Chicago / Turabian - Author Date Citation (style guide)

Gottschall, Jonathan and Kris, Koscheski. 2012. The Storytelling Animal: How Stories Make Us Human. [United States]: Tantor Audio.

Chicago / Turabian - Humanities Citation (style guide)

Gottschall, Jonathan and Kris, Koscheski, The Storytelling Animal: How Stories Make Us Human. [United States]: Tantor Audio, 2012.

MLA Citation (style guide)

Gottschall, Jonathan,, and Kris Koscheski. The Storytelling Animal: How Stories Make Us Human. Unabridged. [United States]: Tantor Audio, 2012.

Note! Citation formats are based on standards as of July 2010. Citations contain only title, author, edition, publisher, and year published. Citations should be used as a guideline and should be double checked for accuracy.
Staff View
Grouped Work ID:
5f606b35-f161-e78f-d2b7-867e3e1f0b14
Go To GroupedWork

Hoopla Extract Information

hooplaId11413442
titleThe Storytelling Animal
kindAUDIOBOOK
price1.96
active1
pa0
profanity0
children0
demo0
rating
abridged0
dateLastUpdatedMay 01, 2022 12:09:34 AM

Record Information

Last File Modification TimeSep 01, 2020 11:33:54 PM
Last Grouped Work Modification TimeJun 25, 2022 02:08:27 AM

MARC Record

LEADER03348nim a22004575a 4500
001MWT11413442
003MWT
00520191125020133.0
006m     o  h        
007sz zunnnnnuned
007cr nnannnuuuua
008150902s2012    xxunnn es      z  n eng d
020 |a 9781452629926 (sound recording : hoopla Audio Book)
020 |a 1452629927 (sound recording : hoopla Audio Book)
02842|a MWT11413442
029 |a https://d2snwnmzyr8jue.cloudfront.net/ttm_9781452629926_180.jpeg
037 |a 11413442|b Midwest Tape, LLC|n http://www.midwesttapes.com
040 |a Midwest|e rda
08204|a 808.5/43|2 23
099 |a eAudiobook hoopla
1001 |a Gottschall, Jonathan,|e author.
24514|a The storytelling animal :|b how stories make us human|h [electronic resource] /|c Jonathan Gottschall.
250 |a Unabridged.
264 1|a [United States] :|b Tantor Audio,|c 2012.
264 2|b Made available through hoopla
300 |a 1 online resource (1 audio file (5hr., 30 min.)) :|b digital.
336 |a spoken word|b spw|2 rdacontent
337 |a computer|b c|2 rdamedia
338 |a online resource|b cr|2 rdacarrier
344 |a digital|h digital recording|2 rda
347 |a data file|2 rda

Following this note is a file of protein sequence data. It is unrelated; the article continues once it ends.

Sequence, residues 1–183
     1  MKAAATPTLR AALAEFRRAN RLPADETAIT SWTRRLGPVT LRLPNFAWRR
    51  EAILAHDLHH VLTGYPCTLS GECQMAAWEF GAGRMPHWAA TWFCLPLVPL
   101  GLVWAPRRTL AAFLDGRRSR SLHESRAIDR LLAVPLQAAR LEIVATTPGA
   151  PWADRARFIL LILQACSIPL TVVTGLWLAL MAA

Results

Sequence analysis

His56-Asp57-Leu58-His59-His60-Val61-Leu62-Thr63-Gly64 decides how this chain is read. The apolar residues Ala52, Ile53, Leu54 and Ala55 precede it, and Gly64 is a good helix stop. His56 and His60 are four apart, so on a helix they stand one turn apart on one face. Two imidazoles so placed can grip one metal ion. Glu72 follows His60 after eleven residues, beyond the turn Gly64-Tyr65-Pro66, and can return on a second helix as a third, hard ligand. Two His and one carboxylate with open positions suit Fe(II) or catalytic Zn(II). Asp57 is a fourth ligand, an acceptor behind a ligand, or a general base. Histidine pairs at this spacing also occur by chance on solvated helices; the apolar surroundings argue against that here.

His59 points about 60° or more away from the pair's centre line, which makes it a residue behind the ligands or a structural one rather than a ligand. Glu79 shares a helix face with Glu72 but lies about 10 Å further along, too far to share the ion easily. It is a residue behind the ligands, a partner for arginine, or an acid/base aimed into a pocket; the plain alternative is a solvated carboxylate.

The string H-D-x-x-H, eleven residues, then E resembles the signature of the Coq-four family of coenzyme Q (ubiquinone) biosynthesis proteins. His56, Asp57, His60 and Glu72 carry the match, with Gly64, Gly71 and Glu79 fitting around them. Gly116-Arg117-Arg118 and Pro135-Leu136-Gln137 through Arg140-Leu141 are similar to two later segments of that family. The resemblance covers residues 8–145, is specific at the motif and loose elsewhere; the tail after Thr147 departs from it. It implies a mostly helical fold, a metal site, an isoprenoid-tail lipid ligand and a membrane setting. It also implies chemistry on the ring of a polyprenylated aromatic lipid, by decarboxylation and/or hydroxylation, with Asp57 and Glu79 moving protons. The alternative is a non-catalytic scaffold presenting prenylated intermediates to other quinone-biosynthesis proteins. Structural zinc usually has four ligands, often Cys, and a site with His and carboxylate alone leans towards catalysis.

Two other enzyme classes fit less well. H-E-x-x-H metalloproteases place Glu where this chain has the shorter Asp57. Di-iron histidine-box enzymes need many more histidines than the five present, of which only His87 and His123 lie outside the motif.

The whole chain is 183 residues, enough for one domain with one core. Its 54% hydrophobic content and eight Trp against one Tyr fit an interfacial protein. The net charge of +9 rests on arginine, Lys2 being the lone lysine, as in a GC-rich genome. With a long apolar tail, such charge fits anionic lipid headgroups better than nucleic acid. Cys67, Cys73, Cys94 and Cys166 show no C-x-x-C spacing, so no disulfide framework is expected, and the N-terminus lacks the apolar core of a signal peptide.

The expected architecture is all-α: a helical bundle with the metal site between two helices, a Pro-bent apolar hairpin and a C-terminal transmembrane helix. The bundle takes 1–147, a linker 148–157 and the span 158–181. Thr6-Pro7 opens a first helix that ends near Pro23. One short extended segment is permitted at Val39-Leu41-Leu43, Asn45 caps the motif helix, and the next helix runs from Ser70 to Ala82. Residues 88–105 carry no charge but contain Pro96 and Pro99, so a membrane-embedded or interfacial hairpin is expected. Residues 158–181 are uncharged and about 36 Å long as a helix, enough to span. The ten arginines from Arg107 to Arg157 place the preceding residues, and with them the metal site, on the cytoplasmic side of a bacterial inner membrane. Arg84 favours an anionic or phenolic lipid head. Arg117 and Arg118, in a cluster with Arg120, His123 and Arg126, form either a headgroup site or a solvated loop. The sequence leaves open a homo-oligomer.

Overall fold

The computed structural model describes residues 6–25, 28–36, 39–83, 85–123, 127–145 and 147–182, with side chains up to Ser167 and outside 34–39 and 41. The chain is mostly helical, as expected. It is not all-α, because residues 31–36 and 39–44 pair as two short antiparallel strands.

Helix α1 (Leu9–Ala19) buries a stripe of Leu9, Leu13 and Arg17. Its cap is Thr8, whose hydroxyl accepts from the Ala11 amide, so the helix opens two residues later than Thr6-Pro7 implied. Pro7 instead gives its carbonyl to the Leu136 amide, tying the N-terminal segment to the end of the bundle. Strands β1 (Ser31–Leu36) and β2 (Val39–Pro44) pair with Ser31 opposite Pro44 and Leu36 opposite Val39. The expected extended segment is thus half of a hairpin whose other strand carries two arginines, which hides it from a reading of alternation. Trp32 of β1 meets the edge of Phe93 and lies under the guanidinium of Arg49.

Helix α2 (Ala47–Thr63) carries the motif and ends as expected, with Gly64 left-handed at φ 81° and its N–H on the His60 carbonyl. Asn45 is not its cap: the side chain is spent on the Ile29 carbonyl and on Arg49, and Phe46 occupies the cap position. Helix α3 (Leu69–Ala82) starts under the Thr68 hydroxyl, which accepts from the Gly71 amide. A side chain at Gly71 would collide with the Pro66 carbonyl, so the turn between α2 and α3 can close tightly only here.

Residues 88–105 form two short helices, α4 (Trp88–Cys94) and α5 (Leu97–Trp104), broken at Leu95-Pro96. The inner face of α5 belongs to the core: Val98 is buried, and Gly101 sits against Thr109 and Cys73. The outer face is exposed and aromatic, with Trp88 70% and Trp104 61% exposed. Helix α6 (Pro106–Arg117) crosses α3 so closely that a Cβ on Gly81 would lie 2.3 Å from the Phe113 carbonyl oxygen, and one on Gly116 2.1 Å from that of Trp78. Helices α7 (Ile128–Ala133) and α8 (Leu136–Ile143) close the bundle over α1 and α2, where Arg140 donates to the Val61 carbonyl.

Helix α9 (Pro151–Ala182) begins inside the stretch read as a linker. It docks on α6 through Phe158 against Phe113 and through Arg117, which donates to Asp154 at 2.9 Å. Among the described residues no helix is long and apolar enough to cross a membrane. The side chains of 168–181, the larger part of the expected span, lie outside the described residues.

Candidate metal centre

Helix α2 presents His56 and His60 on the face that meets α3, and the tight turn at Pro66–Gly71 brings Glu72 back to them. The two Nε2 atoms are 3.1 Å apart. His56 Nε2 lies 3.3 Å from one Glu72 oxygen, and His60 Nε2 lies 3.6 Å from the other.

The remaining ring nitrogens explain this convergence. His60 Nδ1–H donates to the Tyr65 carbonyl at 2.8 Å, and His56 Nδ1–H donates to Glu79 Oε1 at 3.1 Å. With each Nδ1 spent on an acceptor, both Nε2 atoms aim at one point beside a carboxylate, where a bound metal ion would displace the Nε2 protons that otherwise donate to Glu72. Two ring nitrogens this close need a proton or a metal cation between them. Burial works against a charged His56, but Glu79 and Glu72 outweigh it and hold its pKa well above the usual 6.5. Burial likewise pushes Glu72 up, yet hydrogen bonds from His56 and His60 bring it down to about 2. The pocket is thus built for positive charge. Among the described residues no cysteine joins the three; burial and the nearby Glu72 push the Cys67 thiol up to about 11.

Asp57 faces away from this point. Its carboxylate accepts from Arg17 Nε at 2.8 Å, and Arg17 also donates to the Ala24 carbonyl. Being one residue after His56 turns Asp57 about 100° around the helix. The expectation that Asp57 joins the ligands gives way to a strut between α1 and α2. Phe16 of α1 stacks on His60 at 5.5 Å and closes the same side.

506 |a Digital content provided by hoopla.
5111 |a Read by Kris Koscheski.
520 |a Humans live in landscapes of make-believe. We spin fantasies. We devour novels, films, and plays. Even sporting events and criminal trials unfold as narratives. Yet the world of story has long remained an undiscovered and unmapped country. It's easy to say that humans are "wired" for story, but why? In this delightful and original book, Jonathan Gottschall offers the first unified theory of storytelling. He argues that stories help us navigate life's complex social problems-just as flight simulators prepare pilots for difficult situations. Storytelling has evolved, like other behaviors, to ensure our survival. Drawing on the latest research in neuroscience, psychology, and evolutionary biology, Gottschall tells us what it means to be a storytelling animal. Did you know that the more absorbed you are in a story, the more it changes your behavior? That all children act out the same kinds of stories, whether they grow up in a slum or a suburb? That people who read more fiction are more empathetic? Of course, our story instinct has a darker side. It makes us vulnerable to conspiracy theories, advertisements, and narratives about ourselves that are more "truthy" than true. National myths can also be terribly dangerous: Hitler's ambitions were partly fueled by a story. But as Gottschall shows in this remarkable book, stories can also change the world for the better. Most successful stories are moral-they teach us how to live, whether explicitly or implicitly, and bind us together around common values. We know we are master shapers of story. The Storytelling Animal finally reveals how stories shape us.
538 |a Mode of access: World Wide Web.
650 0|a Storytelling.
650 0|a Literature and science.
7001 |a Koscheski, Kris,|e narrator.
7102 |a hoopla digital.
85640|u https://www.hoopladigital.com/title/11413442?utm_source=MARC|z Instantly available on hoopla.
85642|z Cover image|u https://d2snwnmzyr8jue.cloudfront.net/ttm_9781452629926_180.jpeg